What would you do knowing that the world would end in a few weeks? Go to church? Get laid? Call those parents you rarely talk to?
Believe it or not, I’d probably just do what I always do; watch movies. Sure, spending time with family and friends would be on my list, but the idea of a world without movies is just too depressing for me – I’m gonna get my fill while I still can, dammit! Maybe I’ll even try to preserve some for future audiences; like Citizen Kane and Men at Work.
The future will thank me.
Or maybe I’d just do what Steve Carell does. In Seeking a Friend for the End of the World, Steve plays an insurance salesman (a job which REALLY has no meaning after the revelation of the end of the world) whose wife has just left him after the announcement is made that mankind’s last effort to stop an asteroid from hitting Earth has failed. His coworkers mope, his friends party hard and strangers begin to riot, but he remains uneasily calm. Escaping the chaos with a plucky neighbor (Keira Knightley), he goes on a road trip to find his old high school flame, and make some of those important life decisions he kept putting off until the last minute (literally).
If the world really were about to end, I’d want to be around someone like Steve Carell. He has such a calming and even reassuring presence that even a worry wart like me would relax. That, and he’s pretty funny.
He and Keira Knightley – who I felt before watching this might’ve been miscast – share an onscreen relationship that is very sweet and lovely for the time given. If the world were to end, I’d also want to be around her.
A face to die with.
I thought this was going to be a comedy with a bit of drama. Instead, it was a drama with a bit of comedy. The first part is definitely funny, but at some point early in the middle, the movie begins to ooze sap. I mean, really thick sap. Sure, the world is ending, and with that comes a lot of amends making, hugs and crying, but for a story that started off with a creatively spun (and even realistically performed) premise, to dive into tearjerker territory (adults were crying in the rows behind me) is just really disappointing.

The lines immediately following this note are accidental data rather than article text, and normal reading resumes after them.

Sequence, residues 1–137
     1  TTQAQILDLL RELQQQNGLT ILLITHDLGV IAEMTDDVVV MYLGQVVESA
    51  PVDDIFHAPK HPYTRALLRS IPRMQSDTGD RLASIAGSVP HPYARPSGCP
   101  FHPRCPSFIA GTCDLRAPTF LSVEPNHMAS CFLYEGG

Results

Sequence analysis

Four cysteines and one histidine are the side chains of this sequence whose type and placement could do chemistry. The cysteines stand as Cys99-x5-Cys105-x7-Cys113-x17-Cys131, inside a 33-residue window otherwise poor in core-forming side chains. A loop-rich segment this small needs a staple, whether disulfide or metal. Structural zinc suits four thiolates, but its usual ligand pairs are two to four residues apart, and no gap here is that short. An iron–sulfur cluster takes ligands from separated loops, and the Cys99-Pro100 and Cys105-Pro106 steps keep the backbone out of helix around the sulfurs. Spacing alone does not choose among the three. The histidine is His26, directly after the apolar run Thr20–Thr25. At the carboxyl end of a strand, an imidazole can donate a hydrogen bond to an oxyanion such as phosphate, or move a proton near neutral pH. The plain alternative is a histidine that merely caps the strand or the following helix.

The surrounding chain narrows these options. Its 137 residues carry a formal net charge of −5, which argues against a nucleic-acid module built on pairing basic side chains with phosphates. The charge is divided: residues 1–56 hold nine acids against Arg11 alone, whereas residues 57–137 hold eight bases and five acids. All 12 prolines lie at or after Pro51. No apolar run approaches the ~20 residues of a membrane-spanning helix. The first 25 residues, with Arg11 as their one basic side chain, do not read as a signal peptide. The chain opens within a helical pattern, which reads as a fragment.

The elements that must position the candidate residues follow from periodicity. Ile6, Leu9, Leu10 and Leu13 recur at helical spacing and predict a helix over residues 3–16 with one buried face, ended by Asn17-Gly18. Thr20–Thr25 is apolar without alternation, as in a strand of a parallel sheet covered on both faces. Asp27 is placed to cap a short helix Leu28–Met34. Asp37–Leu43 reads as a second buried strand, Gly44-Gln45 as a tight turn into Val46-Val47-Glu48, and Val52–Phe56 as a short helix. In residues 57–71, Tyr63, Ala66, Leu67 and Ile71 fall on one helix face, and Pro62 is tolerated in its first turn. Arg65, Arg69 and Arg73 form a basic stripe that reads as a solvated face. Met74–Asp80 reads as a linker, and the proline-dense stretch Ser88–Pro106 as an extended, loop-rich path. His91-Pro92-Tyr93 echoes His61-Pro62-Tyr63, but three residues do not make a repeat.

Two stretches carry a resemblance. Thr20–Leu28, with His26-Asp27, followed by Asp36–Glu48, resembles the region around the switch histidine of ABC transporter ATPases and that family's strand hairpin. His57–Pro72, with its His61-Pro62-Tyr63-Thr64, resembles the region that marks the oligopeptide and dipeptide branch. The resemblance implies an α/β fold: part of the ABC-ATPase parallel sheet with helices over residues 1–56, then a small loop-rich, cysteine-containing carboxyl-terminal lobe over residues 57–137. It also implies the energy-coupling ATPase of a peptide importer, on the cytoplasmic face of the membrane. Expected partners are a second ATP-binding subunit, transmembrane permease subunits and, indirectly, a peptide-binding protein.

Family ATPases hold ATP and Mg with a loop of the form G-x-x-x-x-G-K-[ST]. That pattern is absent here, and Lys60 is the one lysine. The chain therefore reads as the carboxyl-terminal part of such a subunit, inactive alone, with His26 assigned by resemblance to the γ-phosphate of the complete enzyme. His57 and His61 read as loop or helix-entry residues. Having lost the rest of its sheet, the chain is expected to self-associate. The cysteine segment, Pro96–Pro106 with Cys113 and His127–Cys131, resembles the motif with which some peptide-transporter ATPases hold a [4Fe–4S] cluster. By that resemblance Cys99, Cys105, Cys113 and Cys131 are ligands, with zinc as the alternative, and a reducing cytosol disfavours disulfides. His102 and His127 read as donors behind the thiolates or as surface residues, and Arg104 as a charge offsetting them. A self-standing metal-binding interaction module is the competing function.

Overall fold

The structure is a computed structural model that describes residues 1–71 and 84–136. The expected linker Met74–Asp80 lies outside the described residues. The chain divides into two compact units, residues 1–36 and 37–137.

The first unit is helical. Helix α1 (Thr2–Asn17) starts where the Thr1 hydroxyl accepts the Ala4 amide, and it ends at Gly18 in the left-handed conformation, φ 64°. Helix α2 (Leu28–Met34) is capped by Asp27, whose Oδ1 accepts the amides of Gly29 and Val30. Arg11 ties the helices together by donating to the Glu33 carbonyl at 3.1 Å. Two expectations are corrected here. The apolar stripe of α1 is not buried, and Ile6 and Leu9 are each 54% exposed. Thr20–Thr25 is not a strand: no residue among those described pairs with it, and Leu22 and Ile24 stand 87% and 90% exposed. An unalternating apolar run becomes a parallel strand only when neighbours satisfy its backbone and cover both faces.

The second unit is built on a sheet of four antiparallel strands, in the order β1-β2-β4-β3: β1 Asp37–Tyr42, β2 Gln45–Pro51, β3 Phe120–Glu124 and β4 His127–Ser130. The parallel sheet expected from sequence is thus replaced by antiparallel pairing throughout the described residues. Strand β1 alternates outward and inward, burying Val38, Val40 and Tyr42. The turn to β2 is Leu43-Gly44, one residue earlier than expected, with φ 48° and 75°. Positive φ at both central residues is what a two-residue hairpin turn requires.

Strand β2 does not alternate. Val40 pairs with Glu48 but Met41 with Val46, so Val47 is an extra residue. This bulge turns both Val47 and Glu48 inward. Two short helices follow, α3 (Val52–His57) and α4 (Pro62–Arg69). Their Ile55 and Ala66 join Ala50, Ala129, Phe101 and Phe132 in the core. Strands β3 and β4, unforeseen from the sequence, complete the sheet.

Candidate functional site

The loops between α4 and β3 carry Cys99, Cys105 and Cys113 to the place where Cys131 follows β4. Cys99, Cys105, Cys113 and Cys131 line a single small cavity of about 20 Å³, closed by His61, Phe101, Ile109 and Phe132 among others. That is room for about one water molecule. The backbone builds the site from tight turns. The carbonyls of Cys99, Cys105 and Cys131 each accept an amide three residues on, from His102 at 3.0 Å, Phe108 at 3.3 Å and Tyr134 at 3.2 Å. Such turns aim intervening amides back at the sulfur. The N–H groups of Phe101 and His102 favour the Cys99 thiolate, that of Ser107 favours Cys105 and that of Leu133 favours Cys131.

I mentioned above the adults in the theater with me were crying. I was the youngest person in the room. It was awkward enough to deserve a beer of its own.
In a few past reviews, I included a section where I SPOIL the story a bit. If you don’t mind, I’d like to continue that trend:
The movie reaches its climax when Steve and Keira, after finding romance with one another, find Steve’s dad, a pilot. Steve puts a sleeping Keira in the plane, and sends her off to be with her family abroad.
Steve returns to his apartment, and waits for the world to end. He goes to Keira’s apartment, and spends his last night listening to her record collection. This is where the movie SHOULD’VE ended.
Keira comes rushing in, explaining that she forced Steve’s dad to turn back. The couple then ride out the apocalypse by laying on a bed, staring in to each other’s eyes. The movie then ends with Keira’s smiling face dissolving into (I’m not kidding) white light…
Nothing that Bruce Willis can’t handle.
This could’ve been so much better. Instead of being a smart adult comedy with some dramatic weight, it went for a Kleenex tissue to the face approach, and ended up just being blah. Though, your older relatives might like it, so…
Bonus Drinking Game
Take a Drink: in honor of the first 30 minutes.
Take a Drink: whenever someone does something they wouldn’t have if the world wasn’t ending
Take a Drink: if you’re a survivalist, and actually expect to survive an asteroid.
Do a Shot: if you disagree with me that Men at Work shouldn’t be preserved for future humans – YOU ARE WRONG!